A "tottering lace-like architecture of ruins”: The Wartime Home in Elizabeth Bowen’s The Heat of the Day

Emma Zimmerman


Elizabeth Bowen’s The Heat of the Day (1949) is a novel permeated with the architectural ruins of the Second World War. This article is concerned with the shock effects the war had on Bowen’s understanding of the material world and the resultant implications for the late modernist narrative strategies she employs in The Heat of the Day. Drawing on theoretical understandings of space and place from cultural geography, I focus critical attention on the marked materialities of the novel. I consider the extent to which Bowen’s representation of the domestic interior resists the notion of the Heideggerian dwelling place and instead exposes the stark deracination of the wartime individual. I also draw connections with the strained, disjunctive style of the narrative – a style that Bowen (1950) explains is ‘to a certain extent intended. I wanted […] a smashed up pattern with its fragments invecting on one another’ (238) – arguing that it shares continuities with the stylistic anxiousness of early modernism. Bringing these points of focus into dialogue with recent debates about wartime literature and the periodization of modernism, I show how Bowen (re)constructs, out of the wartime ruins, a deeply unsettling late modernist portrait of the fractured domestic landscape of 1940s London.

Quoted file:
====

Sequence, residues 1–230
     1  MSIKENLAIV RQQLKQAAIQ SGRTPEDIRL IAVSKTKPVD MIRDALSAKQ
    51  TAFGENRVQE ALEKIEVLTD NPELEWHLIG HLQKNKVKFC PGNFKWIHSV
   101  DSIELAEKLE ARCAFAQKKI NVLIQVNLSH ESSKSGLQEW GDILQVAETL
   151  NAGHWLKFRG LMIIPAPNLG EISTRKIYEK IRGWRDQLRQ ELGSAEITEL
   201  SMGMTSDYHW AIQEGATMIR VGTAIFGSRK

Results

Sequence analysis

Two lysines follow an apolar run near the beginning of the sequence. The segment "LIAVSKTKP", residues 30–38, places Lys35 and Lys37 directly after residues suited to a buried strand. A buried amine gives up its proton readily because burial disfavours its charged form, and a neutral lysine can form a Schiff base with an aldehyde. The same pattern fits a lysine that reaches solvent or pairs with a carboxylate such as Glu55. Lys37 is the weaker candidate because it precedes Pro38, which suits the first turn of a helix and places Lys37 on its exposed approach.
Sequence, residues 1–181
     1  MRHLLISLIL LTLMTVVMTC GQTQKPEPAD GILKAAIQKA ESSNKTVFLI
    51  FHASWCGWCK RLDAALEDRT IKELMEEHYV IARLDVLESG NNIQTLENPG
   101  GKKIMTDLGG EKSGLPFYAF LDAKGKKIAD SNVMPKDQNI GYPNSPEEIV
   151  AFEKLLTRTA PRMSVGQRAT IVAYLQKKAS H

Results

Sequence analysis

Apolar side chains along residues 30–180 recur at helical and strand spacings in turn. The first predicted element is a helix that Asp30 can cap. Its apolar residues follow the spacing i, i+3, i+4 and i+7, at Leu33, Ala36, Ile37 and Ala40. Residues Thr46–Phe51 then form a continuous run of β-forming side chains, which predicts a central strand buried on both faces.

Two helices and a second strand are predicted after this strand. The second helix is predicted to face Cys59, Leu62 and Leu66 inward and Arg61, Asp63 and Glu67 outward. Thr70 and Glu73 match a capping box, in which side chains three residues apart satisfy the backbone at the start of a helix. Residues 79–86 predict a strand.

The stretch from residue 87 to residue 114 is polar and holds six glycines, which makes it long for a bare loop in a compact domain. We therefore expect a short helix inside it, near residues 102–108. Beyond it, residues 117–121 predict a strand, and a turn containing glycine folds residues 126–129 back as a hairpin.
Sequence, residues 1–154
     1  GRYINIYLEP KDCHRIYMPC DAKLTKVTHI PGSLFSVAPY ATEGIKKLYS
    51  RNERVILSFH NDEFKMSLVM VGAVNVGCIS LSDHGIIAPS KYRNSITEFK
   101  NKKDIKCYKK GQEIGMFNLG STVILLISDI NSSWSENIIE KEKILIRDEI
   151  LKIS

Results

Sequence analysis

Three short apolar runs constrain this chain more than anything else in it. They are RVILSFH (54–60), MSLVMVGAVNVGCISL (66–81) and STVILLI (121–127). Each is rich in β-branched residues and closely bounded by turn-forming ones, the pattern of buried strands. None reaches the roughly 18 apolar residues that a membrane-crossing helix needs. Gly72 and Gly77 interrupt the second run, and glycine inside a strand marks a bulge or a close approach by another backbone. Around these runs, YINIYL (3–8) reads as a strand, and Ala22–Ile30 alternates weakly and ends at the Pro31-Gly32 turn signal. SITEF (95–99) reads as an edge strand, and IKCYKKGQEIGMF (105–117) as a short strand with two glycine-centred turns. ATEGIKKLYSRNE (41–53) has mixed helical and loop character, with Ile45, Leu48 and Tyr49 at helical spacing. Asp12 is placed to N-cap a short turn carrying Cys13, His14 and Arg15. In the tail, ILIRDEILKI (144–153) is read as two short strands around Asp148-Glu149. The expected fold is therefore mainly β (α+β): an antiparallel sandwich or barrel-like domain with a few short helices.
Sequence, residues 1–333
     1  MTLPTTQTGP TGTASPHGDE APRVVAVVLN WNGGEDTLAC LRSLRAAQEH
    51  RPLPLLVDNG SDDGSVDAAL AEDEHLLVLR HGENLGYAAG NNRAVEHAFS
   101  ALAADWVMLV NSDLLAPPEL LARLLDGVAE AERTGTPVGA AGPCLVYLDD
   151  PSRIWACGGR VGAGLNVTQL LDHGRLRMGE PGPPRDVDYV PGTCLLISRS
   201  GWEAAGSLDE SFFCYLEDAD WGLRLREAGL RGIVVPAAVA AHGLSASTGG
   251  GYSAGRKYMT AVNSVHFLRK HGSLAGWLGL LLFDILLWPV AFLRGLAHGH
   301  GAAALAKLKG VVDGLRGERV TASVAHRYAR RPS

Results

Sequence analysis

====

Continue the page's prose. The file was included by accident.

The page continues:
Ruins; materiality; Elizabeth Bowen; late-modernism; wartime; home

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